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Sneaky Oak of Poison

April 29, 2012

Four weeks ago my husband, daughter and I went off for a beautiful four mile hike with spectacular views of the bay and valley. On the way we were met with a number of muddy trail dips requiring skirting around the edges, and in among the young Poison Oak plants. We thought were were very careful, and sure enough: No outbreaks following. Yea, us!

Fast forward two weeks and I’m getting ready for a business trip to Texas. I noticed a bite on my ankle. Nothing worrisome — perhaps a stray flea or small spider. Three days later, in Texas, I think a mosquito bites me on the thigh, right through my jeans. Odd, but that’s what it looked and felt like. Two days after that both my ankle and thigh areas are covered in angry red bumps that eventually blister and it starts to spread. Whoa, what the heck?!?

A visit to my doctor upon my return elicits her comment that “it sure looks like poison oak” — but it had been so long since exposure, and what’s with the thigh — I had long pants on the hike and the plants were ground level. We dismissed it and took a culture for some kind of bacterial infection. Results by the end of the week were negative, my leg was worse, and it was still spreading, now on the other ankle as well! Add to this a swollen ankle and puffy lymph nodes, and both my doctor and I are concerned. A short course of steroids is prescribed.

Then a phone conversation with a good friend prompted some online research about Poison Oak. I wondered how long the urushiol oil stays on surfaces — you see I had taken my hiking boots and pants to me with Texas and it dawned on me that perhaps I had a latent exposure through contact with the outside of these items. Here is what I learned from the sites I found:

  1. If you’ve never been exposed to Poison Oak before, it can be 5-15 days before you experience the results. Subsequent exposures can bring on the effects much faster.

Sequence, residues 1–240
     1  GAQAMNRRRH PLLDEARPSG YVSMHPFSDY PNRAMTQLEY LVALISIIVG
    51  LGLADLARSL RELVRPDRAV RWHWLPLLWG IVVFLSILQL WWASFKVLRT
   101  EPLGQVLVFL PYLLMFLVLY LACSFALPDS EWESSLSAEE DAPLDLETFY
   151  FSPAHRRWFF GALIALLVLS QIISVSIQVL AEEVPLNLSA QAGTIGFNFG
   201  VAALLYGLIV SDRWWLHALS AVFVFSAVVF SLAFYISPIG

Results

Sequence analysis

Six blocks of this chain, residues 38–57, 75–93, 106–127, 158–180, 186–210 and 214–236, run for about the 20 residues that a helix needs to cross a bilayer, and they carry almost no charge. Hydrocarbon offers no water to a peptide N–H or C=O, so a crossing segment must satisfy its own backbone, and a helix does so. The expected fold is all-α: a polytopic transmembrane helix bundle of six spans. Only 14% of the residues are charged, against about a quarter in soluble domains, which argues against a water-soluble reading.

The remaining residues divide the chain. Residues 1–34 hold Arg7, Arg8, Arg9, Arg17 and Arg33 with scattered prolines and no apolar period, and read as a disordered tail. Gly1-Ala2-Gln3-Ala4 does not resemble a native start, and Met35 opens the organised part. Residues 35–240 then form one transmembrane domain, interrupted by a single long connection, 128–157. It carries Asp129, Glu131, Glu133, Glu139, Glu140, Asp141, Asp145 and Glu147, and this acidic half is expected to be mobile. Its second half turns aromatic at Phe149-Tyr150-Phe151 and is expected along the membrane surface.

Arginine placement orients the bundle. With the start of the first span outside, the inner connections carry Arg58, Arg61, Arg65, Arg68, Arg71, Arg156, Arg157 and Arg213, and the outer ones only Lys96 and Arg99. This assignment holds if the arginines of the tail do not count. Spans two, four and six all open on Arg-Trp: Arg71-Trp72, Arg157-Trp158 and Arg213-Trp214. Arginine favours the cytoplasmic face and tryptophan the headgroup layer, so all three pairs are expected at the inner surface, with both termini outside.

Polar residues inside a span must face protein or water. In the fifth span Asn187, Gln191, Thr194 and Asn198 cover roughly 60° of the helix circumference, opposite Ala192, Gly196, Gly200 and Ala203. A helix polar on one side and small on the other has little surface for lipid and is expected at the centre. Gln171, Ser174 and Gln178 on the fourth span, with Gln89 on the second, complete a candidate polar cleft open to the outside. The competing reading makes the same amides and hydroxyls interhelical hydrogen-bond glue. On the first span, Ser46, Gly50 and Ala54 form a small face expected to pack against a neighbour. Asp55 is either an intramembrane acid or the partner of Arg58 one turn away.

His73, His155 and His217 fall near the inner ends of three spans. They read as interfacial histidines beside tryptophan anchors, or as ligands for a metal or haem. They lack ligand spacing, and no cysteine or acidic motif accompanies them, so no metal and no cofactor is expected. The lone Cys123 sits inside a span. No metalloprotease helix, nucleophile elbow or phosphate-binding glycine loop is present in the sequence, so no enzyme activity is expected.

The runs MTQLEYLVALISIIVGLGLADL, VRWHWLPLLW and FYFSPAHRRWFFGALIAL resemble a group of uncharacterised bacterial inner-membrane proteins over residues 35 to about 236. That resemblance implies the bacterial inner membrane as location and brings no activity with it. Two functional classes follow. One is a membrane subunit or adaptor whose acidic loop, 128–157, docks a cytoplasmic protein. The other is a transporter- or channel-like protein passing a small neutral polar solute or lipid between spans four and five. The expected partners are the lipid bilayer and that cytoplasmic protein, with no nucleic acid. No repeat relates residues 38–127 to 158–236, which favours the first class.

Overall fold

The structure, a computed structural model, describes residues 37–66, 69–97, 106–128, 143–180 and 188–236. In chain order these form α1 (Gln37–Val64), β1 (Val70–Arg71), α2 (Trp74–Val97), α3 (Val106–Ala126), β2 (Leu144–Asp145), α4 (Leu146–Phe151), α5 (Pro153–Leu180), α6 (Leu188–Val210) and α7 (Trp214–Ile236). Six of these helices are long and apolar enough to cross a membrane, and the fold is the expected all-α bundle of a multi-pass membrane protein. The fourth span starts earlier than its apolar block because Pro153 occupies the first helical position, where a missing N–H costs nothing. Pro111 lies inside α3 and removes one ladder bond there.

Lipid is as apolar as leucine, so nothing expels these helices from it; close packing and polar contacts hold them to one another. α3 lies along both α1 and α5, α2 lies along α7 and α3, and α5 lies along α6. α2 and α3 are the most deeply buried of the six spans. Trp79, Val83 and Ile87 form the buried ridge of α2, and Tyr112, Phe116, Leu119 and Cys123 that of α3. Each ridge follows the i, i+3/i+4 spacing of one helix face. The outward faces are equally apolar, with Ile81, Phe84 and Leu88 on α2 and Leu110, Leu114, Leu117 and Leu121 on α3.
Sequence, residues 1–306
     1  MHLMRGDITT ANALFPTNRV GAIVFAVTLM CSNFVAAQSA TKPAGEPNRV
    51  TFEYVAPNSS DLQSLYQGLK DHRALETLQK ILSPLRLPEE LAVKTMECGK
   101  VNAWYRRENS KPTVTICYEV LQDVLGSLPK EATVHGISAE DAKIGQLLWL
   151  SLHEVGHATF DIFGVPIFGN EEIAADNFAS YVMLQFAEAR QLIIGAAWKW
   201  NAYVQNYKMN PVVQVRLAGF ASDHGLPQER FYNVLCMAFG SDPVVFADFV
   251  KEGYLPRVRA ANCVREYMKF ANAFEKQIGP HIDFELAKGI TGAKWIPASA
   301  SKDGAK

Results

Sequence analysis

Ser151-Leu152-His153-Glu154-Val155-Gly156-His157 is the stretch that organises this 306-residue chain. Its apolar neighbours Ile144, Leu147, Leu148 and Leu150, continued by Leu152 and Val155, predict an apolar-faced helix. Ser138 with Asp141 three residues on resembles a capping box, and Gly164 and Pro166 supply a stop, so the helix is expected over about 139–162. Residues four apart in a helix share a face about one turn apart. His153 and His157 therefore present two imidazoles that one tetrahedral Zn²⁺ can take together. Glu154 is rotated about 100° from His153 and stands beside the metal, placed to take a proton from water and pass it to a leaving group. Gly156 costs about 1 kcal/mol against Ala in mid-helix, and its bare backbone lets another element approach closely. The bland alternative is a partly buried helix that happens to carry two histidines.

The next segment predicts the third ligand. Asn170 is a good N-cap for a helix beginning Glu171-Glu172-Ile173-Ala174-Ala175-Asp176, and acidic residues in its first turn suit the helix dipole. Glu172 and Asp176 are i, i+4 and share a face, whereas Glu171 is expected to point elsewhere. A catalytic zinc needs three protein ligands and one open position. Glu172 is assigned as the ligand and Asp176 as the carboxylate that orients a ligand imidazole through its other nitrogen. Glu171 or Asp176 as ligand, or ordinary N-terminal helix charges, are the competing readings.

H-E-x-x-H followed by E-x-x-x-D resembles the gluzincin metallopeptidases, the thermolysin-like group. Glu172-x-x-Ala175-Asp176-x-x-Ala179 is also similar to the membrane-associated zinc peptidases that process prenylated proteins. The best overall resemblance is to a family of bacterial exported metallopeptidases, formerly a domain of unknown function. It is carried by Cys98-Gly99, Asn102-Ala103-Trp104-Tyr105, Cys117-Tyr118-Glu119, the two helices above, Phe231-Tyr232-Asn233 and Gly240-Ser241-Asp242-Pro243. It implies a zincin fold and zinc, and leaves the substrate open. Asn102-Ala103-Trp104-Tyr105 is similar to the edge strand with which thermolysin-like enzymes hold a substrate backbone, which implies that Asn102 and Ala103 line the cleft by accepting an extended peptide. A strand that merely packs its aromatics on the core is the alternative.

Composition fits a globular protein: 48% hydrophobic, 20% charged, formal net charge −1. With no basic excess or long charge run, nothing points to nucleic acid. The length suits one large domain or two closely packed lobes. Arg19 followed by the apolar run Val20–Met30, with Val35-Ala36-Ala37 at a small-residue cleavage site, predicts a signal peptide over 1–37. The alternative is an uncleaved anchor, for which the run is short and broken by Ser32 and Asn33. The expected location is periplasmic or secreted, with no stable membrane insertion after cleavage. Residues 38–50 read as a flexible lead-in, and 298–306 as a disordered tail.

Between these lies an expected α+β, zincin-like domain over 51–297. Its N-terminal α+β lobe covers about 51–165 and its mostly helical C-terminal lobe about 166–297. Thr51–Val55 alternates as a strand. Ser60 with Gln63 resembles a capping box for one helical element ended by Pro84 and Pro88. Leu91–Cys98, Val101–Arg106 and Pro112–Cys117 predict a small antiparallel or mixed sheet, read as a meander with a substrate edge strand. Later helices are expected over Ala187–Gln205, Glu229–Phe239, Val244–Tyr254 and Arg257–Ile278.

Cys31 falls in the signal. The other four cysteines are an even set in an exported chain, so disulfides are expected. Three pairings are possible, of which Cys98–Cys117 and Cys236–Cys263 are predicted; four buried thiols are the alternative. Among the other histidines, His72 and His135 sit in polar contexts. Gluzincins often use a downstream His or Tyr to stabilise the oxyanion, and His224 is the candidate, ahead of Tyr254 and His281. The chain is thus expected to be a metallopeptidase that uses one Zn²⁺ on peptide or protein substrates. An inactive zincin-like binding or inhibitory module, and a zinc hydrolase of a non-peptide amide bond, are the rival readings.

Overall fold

2. Urushiol oil can stay active on surfaces, like shoes, for years!
  3. Length of exposure to the oil and the amount of oil and time of exposure can all combine to create the effect that the “infection” is spreading, when in fact the body is just reacting “in real time” to the initial exposure.
  4. You can be immune, then not immune, then immune again to the oil.
  5. Steroids work really, really well to stop the itching!
  6. I am very, very sensitive to Poison Oak!

I’ve been hiking around here for years, in and around the stuff and have never, ever had even a bump. Perhaps I am one of those who were “immune” for awhile — but no any longer!

Lessons learned:

  1. Don’t get near it.
  2. Take a shower after every hike where you are exposed (cold water! — hot water can cause the oil to penetrate the skin).
  3. Immediately wash clothes and rinse off the shoes or boots, hiking sticks and dog!
  4. When a bite or rash starts spreading, don’t delay treatment.

Here are a couple of good sites for more info, but I hope you never have to deal with it!

http://poison-ivy.org/html/faq.htm

http://www.webmd.com/allergies/tc/poison-ivy-oak-or-sumac-topic-overview

http://skinchannel.com/dermatitis/poison-oak/

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